House Ag Committee Chairman Frank Lucas, a fast talker by birth and trade, spared few superlatives when describing, in a telephone press conference Jan. 28, the finally finished, modestly named Agricultural Act of 2014.
“Historic in many ways,” Lucas said of the pending law as he shared the call with his Senate counterpart, Debbie Stabenow, a Democrat from Michigan.
What’s more, he continued, the three-years-in-the-making legislation was “amazing” and, in fact, “a reform bill.”
Caught up in his expansive rhetoric, Lucas finished describing the law’s bigger elements with a flourish: “This is not just a good farm bill, it’s almost a miraculous farm bill!”
Truth be told, the 950-page bill is not a near-miracle, not amazing, not very reforming and, most definitely, not historic. It is a very late, very dense, and very status quo law that further institutionalizes scale over substance and insurance over economics.
On the face of it, there’s nothing wrong with either growth or insurance. Under this law, however, the two are tied tightly together; growth is all but guaranteed by heavily subsidized revenue insurance.
The market is, well, in there somewhere. How that policy will work is certain to be tested in 2014. Right now corn is scraping along at $4 per bu., ethanol is poised to lose some of its government-mandated demand, the export market is increasingly crowded and competitive and U.S. farmers will grow between 13.9 billion and 14.3 billion bu. of corn this year, or about 2 billion bu. more than forecasters predict will be needed.
As such, Iowa State University economist Robert Wisner estimates cash corn prices will drop from an already-thin average of $4.40 per bu. in 2013-14 to a well underwater season average of $3.75 to $3.90 in 2014-15. The new farm law, with its higher insurable levels and fatter insurance subsidies, makes this corn-choking outcome quite likely.
So likely, in fact, that the Jan. 29 Wall Street Journal editorialized that the cost of this new “shallow loss” insurance program could “balloon to $14 billion a year” if overproduction results. (Visit the editorial and all supporting documents).
Implementation, however, hinges on whether the bill will clear Congress and be signed into law by the president (a near-slam dunk since the House passed it Jan. 29 on a solid, 251-166 vote) and if the rules to administer it can be done in — what — no more than 60 days?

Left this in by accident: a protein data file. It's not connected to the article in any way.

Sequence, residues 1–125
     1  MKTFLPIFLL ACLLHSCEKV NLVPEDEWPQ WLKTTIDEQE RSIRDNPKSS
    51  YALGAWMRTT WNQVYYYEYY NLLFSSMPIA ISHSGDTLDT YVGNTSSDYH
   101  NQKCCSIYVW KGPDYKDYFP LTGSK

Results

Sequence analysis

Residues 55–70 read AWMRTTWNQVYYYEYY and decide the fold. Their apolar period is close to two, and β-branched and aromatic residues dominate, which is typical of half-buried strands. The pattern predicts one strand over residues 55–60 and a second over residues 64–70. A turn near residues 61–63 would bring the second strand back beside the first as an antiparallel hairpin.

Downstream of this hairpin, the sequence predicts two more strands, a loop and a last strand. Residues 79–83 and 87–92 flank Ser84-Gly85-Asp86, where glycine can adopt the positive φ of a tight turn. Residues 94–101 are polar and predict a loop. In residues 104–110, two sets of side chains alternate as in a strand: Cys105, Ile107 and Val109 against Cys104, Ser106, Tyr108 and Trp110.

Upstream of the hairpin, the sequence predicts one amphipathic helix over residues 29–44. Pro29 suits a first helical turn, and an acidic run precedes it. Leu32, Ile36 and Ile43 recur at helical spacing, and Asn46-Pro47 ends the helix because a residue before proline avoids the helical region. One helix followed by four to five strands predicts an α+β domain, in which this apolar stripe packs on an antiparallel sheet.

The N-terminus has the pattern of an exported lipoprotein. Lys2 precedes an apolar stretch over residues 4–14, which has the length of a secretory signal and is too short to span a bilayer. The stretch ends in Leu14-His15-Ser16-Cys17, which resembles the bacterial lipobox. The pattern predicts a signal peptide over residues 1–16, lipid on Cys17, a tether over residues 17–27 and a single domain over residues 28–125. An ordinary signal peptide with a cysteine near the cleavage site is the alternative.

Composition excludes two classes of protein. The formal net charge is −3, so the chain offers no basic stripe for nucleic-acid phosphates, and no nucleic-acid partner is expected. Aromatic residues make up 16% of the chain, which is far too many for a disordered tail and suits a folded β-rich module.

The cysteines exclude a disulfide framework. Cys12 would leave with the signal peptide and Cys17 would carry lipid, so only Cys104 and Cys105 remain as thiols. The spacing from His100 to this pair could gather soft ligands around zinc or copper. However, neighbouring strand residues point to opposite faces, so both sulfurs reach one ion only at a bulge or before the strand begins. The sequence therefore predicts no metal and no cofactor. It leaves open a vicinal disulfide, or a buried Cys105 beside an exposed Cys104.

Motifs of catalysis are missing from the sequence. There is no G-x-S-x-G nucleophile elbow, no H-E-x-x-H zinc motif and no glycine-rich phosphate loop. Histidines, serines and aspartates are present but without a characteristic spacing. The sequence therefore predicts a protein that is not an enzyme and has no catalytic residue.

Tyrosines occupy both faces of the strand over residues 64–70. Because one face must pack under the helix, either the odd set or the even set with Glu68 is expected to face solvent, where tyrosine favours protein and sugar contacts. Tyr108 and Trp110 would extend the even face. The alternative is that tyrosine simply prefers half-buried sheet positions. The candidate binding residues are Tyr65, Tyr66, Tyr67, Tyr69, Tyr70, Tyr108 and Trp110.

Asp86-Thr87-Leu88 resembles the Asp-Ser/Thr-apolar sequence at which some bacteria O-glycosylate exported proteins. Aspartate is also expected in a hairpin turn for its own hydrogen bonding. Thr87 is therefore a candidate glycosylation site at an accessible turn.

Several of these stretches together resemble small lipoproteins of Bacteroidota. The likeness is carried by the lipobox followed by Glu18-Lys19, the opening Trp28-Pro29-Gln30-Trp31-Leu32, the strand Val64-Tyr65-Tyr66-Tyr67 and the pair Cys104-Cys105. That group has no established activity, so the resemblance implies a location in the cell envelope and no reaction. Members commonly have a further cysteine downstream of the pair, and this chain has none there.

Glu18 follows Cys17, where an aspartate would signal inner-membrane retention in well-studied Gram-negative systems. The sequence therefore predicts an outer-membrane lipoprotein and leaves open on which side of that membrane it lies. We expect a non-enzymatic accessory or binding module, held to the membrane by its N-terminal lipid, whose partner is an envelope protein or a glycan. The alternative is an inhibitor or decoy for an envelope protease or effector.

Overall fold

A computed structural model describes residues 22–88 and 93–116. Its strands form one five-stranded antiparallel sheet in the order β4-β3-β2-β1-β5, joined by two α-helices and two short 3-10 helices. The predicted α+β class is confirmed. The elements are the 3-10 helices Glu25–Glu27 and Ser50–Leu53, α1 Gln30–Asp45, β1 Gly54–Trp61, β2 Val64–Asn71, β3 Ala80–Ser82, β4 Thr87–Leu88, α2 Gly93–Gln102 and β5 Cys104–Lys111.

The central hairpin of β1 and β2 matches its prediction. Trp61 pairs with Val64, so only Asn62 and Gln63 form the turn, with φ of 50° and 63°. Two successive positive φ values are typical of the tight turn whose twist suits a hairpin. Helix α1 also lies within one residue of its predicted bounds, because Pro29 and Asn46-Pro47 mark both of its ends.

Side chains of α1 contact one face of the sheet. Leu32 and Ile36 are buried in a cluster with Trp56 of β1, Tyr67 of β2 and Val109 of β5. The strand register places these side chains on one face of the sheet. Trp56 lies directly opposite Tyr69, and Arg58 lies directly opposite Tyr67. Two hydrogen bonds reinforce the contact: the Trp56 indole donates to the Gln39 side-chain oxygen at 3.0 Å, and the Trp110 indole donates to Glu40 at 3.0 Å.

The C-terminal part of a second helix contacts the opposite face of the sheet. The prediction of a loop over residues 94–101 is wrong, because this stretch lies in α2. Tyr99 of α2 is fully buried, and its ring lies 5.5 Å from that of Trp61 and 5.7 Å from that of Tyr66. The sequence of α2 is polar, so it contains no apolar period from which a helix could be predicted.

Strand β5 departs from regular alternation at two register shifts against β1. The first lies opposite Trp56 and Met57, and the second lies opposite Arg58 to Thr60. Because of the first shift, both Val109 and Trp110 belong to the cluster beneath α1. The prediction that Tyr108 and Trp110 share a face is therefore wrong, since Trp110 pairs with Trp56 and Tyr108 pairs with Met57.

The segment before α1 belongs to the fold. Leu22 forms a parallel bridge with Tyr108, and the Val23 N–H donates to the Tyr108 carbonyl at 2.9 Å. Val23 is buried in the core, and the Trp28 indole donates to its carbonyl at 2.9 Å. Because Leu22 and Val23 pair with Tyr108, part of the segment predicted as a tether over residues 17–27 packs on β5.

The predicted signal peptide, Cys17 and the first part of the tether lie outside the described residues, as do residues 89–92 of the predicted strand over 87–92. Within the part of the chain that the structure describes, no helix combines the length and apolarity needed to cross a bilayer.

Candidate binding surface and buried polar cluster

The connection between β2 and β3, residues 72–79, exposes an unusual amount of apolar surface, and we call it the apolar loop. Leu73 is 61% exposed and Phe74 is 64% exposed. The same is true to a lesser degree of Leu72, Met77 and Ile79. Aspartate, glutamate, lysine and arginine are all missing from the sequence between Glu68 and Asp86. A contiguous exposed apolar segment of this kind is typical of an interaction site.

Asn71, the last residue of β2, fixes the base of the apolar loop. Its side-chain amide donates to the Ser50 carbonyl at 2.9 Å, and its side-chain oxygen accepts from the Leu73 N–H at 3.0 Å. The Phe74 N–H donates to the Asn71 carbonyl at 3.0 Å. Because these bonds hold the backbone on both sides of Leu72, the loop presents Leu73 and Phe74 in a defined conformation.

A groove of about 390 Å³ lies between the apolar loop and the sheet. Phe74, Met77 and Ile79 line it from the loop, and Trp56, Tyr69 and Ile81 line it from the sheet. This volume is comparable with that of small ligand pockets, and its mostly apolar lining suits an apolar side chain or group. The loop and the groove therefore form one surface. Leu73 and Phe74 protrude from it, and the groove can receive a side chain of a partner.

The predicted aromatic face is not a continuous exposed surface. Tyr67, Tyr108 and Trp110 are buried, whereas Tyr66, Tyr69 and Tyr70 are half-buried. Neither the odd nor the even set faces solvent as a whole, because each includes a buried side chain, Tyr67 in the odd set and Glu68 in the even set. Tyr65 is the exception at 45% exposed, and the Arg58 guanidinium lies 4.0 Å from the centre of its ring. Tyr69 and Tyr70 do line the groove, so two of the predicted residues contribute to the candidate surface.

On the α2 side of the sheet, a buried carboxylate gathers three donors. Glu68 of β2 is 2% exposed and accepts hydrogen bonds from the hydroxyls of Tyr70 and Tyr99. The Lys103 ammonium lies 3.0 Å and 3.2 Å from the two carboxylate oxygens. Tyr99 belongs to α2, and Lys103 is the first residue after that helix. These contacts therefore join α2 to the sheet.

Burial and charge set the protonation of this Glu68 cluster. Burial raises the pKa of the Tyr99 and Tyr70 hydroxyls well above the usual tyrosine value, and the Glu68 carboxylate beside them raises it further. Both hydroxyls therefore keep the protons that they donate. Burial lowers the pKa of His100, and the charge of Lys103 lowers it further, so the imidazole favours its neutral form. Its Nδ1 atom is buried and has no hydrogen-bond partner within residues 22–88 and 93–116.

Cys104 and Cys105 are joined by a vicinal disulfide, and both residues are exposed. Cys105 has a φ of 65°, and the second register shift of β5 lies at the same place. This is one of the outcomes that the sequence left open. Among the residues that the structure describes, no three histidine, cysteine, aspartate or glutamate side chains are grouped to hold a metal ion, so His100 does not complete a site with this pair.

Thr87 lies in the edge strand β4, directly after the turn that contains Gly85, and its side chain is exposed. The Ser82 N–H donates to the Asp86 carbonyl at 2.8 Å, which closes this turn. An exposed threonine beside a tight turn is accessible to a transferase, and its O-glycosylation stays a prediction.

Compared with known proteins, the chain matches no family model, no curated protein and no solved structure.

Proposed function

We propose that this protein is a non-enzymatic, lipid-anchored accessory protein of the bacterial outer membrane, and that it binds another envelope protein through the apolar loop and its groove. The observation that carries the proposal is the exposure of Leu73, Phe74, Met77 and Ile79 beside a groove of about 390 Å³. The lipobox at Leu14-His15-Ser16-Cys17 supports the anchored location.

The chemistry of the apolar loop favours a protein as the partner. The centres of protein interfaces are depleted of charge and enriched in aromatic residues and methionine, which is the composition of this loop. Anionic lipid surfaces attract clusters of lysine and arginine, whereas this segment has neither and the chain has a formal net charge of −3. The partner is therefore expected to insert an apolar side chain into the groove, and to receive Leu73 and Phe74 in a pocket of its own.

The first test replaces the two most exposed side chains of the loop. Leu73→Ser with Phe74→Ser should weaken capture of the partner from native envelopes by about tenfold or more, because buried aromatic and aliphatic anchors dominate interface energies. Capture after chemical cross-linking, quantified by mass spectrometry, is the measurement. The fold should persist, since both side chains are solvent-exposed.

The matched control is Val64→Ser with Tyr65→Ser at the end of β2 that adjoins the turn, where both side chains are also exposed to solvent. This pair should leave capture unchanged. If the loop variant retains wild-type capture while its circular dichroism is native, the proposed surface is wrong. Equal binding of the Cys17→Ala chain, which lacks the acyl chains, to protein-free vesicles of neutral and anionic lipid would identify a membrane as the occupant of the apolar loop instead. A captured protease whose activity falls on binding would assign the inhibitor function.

Good luck on the second thing, says a well-placed farm bill watcher.
“The operating language of what will be allowed under this insurance program is very complicated,” the friend offers, “and writing the rules for it will be even more complicated.”
Complicated, yes. Different, no.
And that’s the biggest irony to this whole, bloody bill: There’s nothing in it that might have required the best part of three years to write or provided all the fuel to the fierce, bitter partisanship that dogged its every agonizing step.
After all, this bill never got within a mile of very difficult discussions on whether ethanol still holds a place in America’s renewable fuels future or how a farm bill might address the nation’s increasing health problems. Moreover, Congress didn’t convene one public hearing or one ag committee meeting over what the United States and its farmers and ranchers can do to ensure sustainable food production in a world steeply challenged by expanding population, increasing climate change and tougher, narrower economics.
No, this farm bill was the easy one — despite the delays and politics — so we took the easy way out. The hard farm bill — the one that tackles more than subsidized insurance and government-supported markets like ethanol and sugar, the one that views consumers and agribusiness as equals, the one that makes soil and water as important as corn and soybeans — lies ahead.
That’s the one that will be historic, reforming, amazing and a near-miracle.